Arthritis care & research;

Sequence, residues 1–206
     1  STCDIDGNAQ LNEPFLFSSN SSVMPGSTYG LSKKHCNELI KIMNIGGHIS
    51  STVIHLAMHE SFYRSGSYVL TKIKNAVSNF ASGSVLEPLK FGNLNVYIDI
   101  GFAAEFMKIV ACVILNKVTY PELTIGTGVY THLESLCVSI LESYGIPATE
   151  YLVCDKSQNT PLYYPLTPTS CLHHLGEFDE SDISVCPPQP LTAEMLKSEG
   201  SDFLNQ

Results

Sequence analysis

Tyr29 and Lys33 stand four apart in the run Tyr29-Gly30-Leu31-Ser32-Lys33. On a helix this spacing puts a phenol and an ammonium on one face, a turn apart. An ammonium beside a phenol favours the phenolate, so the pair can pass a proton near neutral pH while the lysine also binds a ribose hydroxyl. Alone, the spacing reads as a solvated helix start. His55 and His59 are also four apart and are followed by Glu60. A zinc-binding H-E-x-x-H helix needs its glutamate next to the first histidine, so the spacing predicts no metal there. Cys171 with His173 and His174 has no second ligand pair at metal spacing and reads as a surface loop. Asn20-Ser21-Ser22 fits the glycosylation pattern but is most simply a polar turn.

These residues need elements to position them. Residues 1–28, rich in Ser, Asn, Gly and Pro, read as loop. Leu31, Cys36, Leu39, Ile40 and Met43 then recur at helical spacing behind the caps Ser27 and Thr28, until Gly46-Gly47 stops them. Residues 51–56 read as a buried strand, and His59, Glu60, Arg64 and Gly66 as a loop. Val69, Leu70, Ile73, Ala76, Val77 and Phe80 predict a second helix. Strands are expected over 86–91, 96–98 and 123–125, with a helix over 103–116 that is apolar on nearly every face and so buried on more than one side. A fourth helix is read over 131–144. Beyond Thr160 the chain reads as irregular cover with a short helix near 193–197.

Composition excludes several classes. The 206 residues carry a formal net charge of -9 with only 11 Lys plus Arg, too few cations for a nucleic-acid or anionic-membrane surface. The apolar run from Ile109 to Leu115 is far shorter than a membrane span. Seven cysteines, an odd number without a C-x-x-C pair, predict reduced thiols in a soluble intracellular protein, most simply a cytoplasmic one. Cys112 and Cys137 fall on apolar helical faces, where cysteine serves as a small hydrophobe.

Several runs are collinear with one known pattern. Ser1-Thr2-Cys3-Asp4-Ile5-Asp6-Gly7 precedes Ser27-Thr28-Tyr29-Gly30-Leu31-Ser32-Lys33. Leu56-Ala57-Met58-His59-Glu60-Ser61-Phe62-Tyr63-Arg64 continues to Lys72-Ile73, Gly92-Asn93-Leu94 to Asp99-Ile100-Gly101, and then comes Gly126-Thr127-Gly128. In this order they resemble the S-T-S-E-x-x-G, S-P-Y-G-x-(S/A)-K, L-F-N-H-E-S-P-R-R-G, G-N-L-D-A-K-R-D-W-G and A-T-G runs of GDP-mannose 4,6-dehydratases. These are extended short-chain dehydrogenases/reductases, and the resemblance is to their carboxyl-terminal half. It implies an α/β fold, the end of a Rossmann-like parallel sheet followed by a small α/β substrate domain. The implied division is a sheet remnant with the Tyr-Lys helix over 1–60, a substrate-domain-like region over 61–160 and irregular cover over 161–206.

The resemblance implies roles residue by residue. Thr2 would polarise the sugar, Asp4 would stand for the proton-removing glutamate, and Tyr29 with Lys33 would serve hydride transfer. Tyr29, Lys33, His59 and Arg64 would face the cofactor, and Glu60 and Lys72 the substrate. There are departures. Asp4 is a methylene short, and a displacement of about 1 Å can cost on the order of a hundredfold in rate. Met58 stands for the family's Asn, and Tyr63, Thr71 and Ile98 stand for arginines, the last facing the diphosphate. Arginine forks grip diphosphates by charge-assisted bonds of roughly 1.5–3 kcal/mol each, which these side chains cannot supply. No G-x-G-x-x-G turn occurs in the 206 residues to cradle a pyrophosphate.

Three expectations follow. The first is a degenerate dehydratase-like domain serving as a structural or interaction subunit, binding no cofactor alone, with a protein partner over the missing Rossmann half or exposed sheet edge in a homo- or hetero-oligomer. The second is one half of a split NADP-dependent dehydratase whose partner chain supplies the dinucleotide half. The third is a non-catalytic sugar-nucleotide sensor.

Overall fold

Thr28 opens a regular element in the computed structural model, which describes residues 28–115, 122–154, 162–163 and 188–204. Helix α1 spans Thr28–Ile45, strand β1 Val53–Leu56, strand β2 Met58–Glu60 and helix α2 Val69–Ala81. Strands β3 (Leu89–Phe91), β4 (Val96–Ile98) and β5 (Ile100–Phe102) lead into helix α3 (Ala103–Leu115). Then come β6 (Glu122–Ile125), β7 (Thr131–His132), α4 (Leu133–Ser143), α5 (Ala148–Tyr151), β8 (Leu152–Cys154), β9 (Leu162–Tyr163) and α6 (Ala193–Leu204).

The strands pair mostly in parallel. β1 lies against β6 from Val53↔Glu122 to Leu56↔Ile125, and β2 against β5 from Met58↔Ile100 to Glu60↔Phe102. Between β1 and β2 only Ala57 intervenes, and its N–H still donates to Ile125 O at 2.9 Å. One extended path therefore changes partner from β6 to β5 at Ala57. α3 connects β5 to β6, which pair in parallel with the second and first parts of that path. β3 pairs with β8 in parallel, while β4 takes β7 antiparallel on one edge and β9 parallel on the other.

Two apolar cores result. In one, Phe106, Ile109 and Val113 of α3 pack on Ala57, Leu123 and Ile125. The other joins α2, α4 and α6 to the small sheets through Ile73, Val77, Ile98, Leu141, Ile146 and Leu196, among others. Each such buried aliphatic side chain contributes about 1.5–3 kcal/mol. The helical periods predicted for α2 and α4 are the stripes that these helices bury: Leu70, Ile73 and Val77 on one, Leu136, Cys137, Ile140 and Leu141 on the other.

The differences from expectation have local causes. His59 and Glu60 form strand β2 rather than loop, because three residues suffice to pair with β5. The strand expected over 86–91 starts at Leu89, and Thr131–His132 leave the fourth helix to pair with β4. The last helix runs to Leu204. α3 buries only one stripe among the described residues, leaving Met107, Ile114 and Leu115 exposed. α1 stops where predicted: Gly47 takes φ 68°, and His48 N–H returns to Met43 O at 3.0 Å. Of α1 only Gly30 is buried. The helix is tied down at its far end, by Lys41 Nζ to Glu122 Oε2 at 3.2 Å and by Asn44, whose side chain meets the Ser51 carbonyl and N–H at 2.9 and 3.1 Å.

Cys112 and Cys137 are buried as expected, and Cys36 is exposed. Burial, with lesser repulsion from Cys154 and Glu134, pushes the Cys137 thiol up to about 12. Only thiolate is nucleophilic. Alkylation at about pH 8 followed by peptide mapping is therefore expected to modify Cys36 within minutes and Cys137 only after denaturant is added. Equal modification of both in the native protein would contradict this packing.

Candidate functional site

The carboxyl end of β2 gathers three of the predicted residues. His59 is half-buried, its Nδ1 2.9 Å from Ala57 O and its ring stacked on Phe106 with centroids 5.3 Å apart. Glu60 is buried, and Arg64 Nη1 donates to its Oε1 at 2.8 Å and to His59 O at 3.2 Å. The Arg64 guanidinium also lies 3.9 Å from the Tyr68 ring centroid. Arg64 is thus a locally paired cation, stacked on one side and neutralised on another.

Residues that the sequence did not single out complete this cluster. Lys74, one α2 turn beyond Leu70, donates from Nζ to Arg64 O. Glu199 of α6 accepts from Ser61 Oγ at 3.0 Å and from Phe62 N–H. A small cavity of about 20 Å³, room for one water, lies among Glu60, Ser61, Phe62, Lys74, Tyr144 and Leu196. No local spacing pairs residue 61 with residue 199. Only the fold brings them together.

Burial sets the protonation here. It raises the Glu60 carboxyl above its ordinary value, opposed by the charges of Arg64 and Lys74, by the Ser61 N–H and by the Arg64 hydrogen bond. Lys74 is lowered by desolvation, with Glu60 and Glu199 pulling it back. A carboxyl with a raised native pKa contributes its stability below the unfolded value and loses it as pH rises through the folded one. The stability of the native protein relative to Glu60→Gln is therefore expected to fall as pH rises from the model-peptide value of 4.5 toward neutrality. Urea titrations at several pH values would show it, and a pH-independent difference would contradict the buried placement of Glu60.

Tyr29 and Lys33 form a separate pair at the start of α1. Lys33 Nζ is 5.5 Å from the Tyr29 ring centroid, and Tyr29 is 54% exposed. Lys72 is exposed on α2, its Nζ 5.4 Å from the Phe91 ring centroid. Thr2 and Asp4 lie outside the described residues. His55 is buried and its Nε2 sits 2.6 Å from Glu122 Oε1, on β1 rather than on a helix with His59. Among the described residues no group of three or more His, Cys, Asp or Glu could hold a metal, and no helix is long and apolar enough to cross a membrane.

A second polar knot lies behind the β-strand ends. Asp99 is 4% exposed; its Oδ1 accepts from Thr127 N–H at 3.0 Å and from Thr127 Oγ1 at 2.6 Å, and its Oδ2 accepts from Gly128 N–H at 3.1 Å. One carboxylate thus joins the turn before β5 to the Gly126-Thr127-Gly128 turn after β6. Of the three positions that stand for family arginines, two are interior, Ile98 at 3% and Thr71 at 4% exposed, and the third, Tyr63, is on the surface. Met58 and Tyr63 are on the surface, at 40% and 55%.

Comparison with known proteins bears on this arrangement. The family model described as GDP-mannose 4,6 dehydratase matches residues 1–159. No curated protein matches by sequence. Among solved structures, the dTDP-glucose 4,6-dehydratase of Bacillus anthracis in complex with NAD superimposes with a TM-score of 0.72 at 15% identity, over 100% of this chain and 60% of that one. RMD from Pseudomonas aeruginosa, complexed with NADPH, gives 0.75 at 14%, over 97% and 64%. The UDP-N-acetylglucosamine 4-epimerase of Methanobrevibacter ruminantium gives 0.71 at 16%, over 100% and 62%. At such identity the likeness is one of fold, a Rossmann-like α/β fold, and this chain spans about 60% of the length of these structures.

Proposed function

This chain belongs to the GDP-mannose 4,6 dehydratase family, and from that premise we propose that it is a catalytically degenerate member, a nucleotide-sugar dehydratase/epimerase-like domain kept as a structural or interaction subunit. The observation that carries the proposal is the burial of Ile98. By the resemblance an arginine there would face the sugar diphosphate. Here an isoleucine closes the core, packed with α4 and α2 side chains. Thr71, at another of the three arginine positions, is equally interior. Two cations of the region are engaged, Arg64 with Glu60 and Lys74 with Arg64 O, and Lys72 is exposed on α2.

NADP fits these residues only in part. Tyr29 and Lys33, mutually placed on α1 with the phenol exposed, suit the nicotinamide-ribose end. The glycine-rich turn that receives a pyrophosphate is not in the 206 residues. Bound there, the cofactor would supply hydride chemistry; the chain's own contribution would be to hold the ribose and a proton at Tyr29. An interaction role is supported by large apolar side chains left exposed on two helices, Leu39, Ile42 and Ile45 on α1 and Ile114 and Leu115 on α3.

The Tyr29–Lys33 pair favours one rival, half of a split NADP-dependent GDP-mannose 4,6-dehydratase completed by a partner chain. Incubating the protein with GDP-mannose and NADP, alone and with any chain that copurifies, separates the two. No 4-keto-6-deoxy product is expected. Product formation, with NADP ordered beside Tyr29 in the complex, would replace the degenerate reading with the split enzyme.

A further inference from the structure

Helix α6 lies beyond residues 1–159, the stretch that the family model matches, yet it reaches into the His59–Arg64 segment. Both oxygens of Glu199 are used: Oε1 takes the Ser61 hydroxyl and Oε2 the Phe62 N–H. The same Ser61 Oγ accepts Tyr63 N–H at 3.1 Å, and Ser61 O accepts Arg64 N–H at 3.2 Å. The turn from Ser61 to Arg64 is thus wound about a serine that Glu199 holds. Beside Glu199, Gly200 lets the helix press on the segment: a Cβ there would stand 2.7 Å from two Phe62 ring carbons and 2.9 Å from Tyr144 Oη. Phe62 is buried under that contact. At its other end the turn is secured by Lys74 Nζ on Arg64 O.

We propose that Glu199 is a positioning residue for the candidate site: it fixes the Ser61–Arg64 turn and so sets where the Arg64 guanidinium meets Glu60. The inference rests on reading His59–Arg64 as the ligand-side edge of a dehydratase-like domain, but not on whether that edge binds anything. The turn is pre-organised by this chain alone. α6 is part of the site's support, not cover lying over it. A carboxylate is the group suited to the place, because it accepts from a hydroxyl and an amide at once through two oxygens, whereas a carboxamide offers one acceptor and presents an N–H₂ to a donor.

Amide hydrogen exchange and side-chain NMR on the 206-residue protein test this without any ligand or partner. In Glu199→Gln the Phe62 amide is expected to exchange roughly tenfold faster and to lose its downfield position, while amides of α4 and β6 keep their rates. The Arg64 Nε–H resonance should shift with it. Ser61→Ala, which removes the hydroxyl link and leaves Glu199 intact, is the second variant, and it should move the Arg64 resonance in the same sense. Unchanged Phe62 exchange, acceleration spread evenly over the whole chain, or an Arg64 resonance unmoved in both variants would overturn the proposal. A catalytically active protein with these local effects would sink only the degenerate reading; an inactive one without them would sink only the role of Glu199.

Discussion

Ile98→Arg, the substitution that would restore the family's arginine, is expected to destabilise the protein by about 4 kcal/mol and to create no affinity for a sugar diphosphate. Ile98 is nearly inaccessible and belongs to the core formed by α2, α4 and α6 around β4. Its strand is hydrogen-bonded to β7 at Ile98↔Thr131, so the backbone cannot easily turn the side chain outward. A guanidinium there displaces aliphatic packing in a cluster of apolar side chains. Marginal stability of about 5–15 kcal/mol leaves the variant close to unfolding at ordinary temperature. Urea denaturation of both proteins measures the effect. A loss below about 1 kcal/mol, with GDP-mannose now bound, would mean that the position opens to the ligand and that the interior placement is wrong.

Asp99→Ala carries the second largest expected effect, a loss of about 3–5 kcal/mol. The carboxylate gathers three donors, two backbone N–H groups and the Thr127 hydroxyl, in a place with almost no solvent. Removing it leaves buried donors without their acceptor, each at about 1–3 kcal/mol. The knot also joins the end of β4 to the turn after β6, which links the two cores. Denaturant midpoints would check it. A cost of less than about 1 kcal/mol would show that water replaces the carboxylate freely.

Objective: Quadriceps weakness, associated with functional limitations, is a target of treatment of knee osteoarthritis (OA). Limited data exist on modest strength increases and improvements in function. We evaluated concurrent change in strength and physical function over 5 years. Methods: Using subjects from the Multicenter Osteoarthritis (MOST) study, we excluded those with knee replacement after baseline. A 3-category variable defined whether, at 5 years, knee extensor strength increased, decreased or remained within 15% of baseline, a clinically important cutoff. Outcomes: Five-Times Sit-to-Stand-Test, 20-Meter Walk Test, WOMAC Physical Function Score, and 3 individual physical functions from WOMAC: arising from a chair, going up stairs and getting on/off toilet. Linear and logistic models, stratified by sex, evaluated associations between change in strength and change in physical function over 5 years. To compare weaker vs. stronger women, we stratified analyses at 56Nm baseline strength. Results: Among 1534 participants (60.6% women), 22% of men and 30% of women increased strength by at least 15% at 5 years. Compared with women whose strength did not change, women whose strength increased had improved chair stand performance (OR=2.27, 95% CI 1.56, 3.30) but no improvements in other functions. In men, increase in strength was not associated with significant improvement in physical function. 20% or 30% change showed similar results. Conclusion: Modest improvement in quadriceps strength was associated with improved chair stand performance in women, but not in men. Most functions did not improve with an increase in strength, and may require targeted interventions to improve functional status.
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